Asset Deals vs Share Deals
The transfer of real estate assets in Portugal (asset deal), may be performed by means of (i) a public deed, or (ii) a private document certified by a notary, a solicitor, a lawyer or a chamber of commerce and industry. The transfer of title must be registered with the Land Registry Office within 30 days as from the date of the transaction.
Land Registry Offices are the entities in charge of keeping public records reflecting the description of properties and their current status, including ownership and encumbrances. Land registry is guided under the principle of the registry’s priority.
Any foreign or non-resident investor is allowed to acquire a property, without any restrictions, although investors need to comply with certain tax formalities (including obtaining a Portuguese taxpayer number).
Prior to acquiring a real estate property, investors typically perform a due diligence review (both legal and technical).
The legal due diligence scope normally includes amongst other aspects, confirmation of title, verification of existing encumbrances, confirmation that there are no property taxes in debt, and confirmation of the existence of a valid municipal use permit (a valid use permit is a requirement for the use of the property and it is mandatory to allow the transfer of real estate assets through an asset deal).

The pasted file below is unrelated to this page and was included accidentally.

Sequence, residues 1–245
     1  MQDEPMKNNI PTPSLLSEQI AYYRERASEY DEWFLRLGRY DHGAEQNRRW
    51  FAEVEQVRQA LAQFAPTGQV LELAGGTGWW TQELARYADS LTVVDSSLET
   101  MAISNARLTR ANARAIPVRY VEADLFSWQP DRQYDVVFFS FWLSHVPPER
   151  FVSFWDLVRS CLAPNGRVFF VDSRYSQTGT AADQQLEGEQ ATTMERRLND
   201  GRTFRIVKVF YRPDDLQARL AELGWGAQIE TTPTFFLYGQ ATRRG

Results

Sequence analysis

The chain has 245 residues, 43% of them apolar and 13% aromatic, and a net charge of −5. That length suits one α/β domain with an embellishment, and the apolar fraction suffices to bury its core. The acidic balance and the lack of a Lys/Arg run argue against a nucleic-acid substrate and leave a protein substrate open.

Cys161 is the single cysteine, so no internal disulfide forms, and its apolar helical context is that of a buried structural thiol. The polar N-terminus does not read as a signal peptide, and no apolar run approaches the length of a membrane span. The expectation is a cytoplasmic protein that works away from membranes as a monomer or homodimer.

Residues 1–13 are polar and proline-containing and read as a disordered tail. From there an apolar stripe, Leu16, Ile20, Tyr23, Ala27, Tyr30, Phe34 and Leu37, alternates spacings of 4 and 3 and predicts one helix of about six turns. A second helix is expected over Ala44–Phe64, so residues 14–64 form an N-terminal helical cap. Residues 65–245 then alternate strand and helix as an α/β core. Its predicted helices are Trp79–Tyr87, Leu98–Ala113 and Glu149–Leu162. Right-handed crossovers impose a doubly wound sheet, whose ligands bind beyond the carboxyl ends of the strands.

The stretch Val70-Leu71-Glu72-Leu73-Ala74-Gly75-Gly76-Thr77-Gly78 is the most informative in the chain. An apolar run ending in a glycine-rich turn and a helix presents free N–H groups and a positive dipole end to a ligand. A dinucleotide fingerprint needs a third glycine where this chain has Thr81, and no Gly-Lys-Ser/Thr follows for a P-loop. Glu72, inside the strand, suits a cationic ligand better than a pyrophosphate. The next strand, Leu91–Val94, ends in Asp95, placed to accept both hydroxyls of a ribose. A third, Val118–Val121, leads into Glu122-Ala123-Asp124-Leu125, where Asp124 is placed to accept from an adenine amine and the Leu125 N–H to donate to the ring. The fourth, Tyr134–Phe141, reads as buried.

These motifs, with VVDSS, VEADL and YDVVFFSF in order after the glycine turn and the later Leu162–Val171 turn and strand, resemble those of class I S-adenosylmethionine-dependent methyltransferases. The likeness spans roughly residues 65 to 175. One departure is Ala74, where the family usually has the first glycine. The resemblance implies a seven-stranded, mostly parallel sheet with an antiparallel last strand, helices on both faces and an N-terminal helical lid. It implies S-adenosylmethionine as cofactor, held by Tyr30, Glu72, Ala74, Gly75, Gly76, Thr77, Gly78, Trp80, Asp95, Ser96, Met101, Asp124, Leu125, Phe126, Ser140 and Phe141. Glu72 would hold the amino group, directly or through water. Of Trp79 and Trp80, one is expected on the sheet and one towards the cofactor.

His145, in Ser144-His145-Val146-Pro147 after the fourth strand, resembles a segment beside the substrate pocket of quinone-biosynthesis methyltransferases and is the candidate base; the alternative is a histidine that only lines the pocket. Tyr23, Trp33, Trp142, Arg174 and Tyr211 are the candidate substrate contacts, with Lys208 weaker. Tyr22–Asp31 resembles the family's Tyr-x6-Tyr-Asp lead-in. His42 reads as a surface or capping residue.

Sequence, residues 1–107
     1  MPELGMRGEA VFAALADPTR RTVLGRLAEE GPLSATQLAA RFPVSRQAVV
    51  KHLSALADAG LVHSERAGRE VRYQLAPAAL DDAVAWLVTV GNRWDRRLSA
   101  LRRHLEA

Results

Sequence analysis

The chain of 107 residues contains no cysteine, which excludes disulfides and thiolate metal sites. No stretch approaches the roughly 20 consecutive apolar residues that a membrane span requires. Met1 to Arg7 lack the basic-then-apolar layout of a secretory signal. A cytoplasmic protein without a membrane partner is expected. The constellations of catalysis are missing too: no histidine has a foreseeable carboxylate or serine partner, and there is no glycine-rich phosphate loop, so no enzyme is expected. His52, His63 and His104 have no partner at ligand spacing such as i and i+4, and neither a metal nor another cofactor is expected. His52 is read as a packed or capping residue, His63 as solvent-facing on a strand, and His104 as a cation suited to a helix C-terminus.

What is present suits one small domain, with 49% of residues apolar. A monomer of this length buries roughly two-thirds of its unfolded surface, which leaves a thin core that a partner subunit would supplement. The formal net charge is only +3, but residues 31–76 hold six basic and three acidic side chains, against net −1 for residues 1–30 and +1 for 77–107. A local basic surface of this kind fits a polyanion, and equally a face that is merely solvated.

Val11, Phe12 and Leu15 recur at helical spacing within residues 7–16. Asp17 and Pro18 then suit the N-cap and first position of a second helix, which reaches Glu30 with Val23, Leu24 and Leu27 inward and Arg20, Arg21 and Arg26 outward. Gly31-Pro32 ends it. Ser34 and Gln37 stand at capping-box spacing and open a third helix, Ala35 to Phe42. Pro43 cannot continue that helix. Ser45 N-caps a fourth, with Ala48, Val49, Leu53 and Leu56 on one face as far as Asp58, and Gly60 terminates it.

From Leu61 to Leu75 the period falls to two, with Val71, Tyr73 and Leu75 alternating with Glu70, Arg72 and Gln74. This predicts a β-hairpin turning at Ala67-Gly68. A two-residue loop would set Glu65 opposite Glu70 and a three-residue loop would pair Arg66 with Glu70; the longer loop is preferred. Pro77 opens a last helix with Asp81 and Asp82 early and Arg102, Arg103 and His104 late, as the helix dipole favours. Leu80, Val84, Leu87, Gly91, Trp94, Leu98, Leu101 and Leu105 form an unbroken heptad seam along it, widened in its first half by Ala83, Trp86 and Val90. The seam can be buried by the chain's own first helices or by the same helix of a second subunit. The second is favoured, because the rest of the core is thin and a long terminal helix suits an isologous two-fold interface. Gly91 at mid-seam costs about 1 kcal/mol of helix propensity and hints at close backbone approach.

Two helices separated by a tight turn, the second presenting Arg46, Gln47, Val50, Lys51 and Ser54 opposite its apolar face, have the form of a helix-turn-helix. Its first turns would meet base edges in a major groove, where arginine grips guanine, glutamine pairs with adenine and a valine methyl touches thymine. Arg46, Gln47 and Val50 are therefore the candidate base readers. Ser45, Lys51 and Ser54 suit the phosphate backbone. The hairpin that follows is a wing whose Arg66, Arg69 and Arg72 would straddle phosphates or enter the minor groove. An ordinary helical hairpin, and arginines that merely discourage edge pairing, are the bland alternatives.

In asset deals, the parties usually enter into a Promissory Sale and Purchase Agreement that precedes the definitive agreement of conveyance of the property. Under the promissory sale and purchase agreement the parties undertake to acquire/sell a real estate property at a certain moment in the future, under certain agreed terms and conditions.
A Promissory Sale and Purchase Agreement may include conditions precedent that need to be fulfilled prior to the execution of the Sale and Purchase Agreement. Conditions precedent are usually foreseen when the property is affected by irregularities and /or licensing issues that must be settled by the seller in order to conclude the transaction.
Upon signature of the Promissory Sale and Purchase Agreement, the promissory purchaser usually pays to the promissory seller a down payment ranging between 10% and 25% of the purchase price.